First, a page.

Co-operating with the secondary circuit isanother oscillatory circuit 9 of a.transmitting apparatus 10. When this apparatus is energized, oscillations will be induced in the coupling wire 5; and asthis Wire 18i coupled relation with respect to the conductors 4- of the power line, oscillations willbe induced in the conductors 4 and will. travel along the same to any point at which a receiving set may be suitably connected.
If a grounded lightning conductor is already installed, then this conductor is insulated fora suitable length, which may be of the wave length of the oscillations to be transmitted from the power station or location of the sending apparatus; so that this grounded vwire, while connected to grounded points along the line, is held up adjacent to the apparatus, on insulators for this comparatively short distance. Or, if a separate coupling conductor 5 is used, as shown in the drawings, it can be installed on the posts 1, grounded at one end and insulated along the line up to connection with the transmitting devices. The insulated end is connected to the oscillating or sending circuit, the other end of the oscillating circuit being grounded, forming a closed oscillating circuit or loop.
I prefer to ground the coupling wire 5 through one of the posts which are usually of metal, although the grounding in this way is not absolutely necessary. With a ill] containing the devices 18 can grounded coupling wire, in the event of the coupling wire ever making contact with one of the power conductors 4, any discharge through the coupling wire will be conducted away into the earth and no damage to the transmitting apparatus or injury to the operator can result. lVhen a grounded coupling wire is used it operates the same as the usual ground wire so far as protectin the power line is concerned.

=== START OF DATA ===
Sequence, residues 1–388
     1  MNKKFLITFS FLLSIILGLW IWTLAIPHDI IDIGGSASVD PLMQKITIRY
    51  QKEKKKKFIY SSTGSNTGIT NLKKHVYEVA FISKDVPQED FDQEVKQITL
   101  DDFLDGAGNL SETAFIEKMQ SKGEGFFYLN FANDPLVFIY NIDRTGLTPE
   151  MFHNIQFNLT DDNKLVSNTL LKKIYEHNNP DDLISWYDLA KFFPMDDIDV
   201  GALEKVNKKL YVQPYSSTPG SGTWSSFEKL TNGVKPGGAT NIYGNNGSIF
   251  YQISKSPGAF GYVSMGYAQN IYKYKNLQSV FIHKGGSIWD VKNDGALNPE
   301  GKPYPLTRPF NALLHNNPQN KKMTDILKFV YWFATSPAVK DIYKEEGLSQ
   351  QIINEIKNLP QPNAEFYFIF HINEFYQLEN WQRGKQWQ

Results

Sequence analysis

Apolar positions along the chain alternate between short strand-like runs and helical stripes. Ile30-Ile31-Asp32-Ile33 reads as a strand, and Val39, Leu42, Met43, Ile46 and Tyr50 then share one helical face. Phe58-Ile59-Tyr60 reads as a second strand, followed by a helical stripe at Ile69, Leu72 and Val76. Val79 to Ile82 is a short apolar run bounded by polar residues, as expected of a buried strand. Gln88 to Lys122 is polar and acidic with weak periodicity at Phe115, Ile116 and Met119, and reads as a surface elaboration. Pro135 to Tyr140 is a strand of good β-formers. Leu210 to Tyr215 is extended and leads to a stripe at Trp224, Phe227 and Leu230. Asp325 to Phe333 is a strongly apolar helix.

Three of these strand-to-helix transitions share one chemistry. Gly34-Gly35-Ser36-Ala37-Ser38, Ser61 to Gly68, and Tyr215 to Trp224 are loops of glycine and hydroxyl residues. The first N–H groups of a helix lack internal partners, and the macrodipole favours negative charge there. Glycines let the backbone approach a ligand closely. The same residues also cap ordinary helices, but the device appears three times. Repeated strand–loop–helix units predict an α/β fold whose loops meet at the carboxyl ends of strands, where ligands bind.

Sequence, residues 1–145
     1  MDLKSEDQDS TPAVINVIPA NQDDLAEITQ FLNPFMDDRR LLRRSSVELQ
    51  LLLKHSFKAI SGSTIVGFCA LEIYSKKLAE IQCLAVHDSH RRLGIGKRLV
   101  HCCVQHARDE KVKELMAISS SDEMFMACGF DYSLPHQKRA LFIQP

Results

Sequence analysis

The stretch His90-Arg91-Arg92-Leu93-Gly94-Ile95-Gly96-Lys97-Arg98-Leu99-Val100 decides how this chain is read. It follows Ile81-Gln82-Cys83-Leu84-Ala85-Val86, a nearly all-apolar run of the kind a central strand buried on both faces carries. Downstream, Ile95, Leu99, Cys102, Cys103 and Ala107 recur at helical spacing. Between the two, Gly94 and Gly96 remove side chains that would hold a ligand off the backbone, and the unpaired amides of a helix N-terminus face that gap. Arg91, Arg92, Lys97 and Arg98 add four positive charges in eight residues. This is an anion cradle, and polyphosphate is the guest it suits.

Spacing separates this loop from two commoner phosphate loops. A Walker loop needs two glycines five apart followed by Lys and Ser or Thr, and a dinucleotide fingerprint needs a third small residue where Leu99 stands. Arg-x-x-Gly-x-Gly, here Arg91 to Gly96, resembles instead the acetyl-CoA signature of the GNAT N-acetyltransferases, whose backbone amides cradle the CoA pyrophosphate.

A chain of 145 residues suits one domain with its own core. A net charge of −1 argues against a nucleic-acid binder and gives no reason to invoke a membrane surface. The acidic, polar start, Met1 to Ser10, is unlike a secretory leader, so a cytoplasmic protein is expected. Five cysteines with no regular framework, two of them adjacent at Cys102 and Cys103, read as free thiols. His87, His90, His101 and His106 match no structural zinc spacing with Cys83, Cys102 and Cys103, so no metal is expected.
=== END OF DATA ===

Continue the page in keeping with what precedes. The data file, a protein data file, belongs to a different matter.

I do not limit myself to any specific length of coupling wire 5. It may be insulated for several spans or posts, or grounded at each span, depending upon the characteristics of the power line, and the signalling apparatus used.
The energy or impulses sent through the coupled conductor 5 are transmitted along the conductors 4 of the power line and can be received at any point desired upon a similar conductor 5". This conductor is mounted in the same way as the conductor 5 upon the posts 1. It has one end grounded upon one of the posts, and is carried upon the tops of several other posts and insulated therefrom. The other end is joined through a conductor 11, through a coil 12 and condenser 13 in series, one end of the condenser bein earthed. Inductively related to the coi 12 is another coil 14 which may be connected to suitable apparatus indicated at 15, for receiving signals or intelligence if impulses are trans mitted for that purpose. If desired, the apparatus 15'may include a relay for controlling an additional circuit. This circuit may be a work circuit or a load circuit of any kind supplied with energy or power from the conductors 4, as indicated by a transformer comprising coils 16 and 17 the coil 17 being shown as joined to the apparatus 15 and having in its circuit translating devices 18. Hence, if the work circuit containing the devices 18 is such that they are to be controlled from a remote point, the operator havin charge of the apparatus 10 can send impu s at will alongthe power line and these impulses will be received by the conductor 5', and through it the circuit be supplied with power from the line and made to operate at any time desired. Thus the circuit of the devices 18 can be controlled from the point at which the apparatus 10 is situated. Any desired method of uniting the circuit containing the devices 18 to the power line so that it can be controlled as esired, can, of course, be adapted.